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cubz
14-11-11, 10:51 PM
recently bought my first dslr camera and took hundreds of pic at weekend with it but was not happy with alot of them as seemed to have person too low in pic like there eye level in middle of pic, so speaking to my friend he said golden rule is that persons eye level is 3/4 from bottom of pic. is that correct?

does anyone else have any other tips or useful pointers i should remember when taking pictures.???

canoman
27-12-11, 11:49 AM
recently bought my first dslr camera and took hundreds of pic at weekend with it but was not happy with alot of them as seemed to have person too low in pic like there eye level in middle of pic, so speaking to my friend he said golden rule is that persons eye level is 3/4 from bottom of pic. is that correct?

does anyone else have any other tips or useful pointers i should remember when taking pictures.???

Rule of thirds ,laterally and vertically.

graham_c
27-12-11, 04:52 PM
Some DSLR's have a framing grid that will help you compose your photos.

wave
28-12-11, 08:47 AM
Rule of thirds compose through the view finder for better control

canismajor
28-12-11, 08:19 PM
Do also remember that as you compose your subject, what you see in the viewfinder will be your photo, or as some say, what you see is what you get. Of course the rule of thirds applies and as Graham points out, some cameras have a grid pattern which you look through to help you place the subject correctly. All the best.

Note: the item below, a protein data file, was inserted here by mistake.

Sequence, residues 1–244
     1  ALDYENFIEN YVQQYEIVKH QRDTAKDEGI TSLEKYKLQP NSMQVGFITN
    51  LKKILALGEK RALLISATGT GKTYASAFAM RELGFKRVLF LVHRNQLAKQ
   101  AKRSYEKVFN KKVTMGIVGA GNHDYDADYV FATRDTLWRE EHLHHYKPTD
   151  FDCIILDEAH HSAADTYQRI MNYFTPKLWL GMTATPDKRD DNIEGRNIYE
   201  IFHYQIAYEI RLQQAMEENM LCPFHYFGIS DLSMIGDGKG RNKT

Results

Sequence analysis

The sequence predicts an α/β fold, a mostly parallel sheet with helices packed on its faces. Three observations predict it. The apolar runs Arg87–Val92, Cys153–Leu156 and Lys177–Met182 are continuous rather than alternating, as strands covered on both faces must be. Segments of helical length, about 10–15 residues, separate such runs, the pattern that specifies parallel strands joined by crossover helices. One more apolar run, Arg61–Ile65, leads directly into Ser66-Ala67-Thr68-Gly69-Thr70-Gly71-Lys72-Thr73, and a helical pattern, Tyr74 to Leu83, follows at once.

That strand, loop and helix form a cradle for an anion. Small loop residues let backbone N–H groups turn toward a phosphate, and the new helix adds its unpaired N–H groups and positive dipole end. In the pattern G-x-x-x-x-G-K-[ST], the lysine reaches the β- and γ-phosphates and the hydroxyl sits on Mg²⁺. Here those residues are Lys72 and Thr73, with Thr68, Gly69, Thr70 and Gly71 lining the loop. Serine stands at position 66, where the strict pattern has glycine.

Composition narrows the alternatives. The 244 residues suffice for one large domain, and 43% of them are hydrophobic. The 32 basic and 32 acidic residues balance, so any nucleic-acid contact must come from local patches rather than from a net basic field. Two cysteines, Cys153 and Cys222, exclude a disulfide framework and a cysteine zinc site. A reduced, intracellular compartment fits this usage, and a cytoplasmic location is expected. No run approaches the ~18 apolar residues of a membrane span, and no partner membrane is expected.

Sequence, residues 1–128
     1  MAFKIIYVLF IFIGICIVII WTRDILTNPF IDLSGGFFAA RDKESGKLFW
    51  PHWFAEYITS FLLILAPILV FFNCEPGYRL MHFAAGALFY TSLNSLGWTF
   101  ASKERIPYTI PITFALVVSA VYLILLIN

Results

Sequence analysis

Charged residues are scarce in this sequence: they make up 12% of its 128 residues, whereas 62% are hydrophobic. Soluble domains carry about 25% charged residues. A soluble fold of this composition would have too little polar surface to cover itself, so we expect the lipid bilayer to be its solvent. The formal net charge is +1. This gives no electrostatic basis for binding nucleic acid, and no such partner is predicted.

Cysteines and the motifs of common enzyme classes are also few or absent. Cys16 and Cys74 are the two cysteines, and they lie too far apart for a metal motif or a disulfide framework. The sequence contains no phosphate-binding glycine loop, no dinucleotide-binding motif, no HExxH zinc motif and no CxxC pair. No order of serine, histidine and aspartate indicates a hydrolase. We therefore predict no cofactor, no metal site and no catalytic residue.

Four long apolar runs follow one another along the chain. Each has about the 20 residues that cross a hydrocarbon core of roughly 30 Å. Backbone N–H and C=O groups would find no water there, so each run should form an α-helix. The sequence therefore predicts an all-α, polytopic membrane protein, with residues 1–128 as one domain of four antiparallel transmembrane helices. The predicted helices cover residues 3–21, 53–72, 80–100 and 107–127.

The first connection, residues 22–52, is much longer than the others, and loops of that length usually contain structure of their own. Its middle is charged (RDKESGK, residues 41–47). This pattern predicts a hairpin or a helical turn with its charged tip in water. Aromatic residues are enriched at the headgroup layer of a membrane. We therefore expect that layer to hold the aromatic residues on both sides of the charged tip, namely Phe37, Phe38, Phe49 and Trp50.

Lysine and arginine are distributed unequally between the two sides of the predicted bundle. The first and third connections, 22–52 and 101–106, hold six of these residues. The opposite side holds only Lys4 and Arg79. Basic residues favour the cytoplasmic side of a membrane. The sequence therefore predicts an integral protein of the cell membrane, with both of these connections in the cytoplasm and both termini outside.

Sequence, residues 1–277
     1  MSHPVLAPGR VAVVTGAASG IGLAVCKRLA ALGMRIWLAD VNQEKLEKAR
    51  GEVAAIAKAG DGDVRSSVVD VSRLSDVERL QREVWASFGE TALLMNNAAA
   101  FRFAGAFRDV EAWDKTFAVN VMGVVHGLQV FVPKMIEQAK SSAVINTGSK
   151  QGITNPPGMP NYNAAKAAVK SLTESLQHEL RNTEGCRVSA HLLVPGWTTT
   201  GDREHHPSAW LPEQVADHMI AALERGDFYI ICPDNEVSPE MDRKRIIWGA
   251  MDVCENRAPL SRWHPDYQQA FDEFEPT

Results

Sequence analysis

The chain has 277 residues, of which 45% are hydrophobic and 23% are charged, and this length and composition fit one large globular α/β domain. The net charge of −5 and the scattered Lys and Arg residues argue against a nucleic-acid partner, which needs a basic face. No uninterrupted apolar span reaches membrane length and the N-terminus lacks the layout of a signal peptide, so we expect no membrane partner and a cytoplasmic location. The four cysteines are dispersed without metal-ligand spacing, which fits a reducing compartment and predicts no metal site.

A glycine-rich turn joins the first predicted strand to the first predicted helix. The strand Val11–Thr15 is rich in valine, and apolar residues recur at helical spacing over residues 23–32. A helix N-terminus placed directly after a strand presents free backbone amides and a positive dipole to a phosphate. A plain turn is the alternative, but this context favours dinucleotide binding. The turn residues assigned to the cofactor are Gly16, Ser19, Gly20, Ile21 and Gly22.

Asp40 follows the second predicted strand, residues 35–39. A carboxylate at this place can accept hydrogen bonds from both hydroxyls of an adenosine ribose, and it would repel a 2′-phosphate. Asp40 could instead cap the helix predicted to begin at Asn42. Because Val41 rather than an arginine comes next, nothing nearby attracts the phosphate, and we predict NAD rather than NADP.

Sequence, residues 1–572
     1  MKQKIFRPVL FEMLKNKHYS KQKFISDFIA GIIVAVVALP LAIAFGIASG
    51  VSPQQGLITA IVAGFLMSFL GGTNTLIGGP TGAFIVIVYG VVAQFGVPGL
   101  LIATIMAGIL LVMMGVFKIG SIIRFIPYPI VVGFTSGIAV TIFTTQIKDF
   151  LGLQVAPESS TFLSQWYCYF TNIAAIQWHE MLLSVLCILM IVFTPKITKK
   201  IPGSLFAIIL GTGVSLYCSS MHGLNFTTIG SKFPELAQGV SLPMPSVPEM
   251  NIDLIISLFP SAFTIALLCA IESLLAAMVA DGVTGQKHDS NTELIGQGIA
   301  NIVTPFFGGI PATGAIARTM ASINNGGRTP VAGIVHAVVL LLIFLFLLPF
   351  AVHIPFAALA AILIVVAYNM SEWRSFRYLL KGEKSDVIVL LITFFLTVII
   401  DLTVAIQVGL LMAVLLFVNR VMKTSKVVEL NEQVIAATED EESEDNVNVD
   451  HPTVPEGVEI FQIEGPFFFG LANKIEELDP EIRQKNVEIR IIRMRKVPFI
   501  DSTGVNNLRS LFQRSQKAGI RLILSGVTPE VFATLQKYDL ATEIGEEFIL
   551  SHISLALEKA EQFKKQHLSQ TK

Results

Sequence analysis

fayf
31-01-12, 06:10 PM
As others said, the rule of thirds is important.
Also, I think getting lighting right is vital.

luke
13-06-12, 09:07 PM
Hi Cubz,

I find what help me is to slow down especially when you are starting of, you mentioned that you took hundreds of photos, i think one way to improve is to put the camera on auto and just limit your self to 24 photos. This way every photos you take is valuable and you can only press the button ounce you have thought about composition.

Lead lines and rule of thirds are great techniques to use but these are only 5% of photography you need to worry about tone, colour, great light the subject you are taking and what you want your audience to look at after you have taken the photo.

If you don't control and dictate what you want your audience to focus on then we wont have a chance to see what you saw as you look though your lens.

I hope this helps

Cheers,

Luke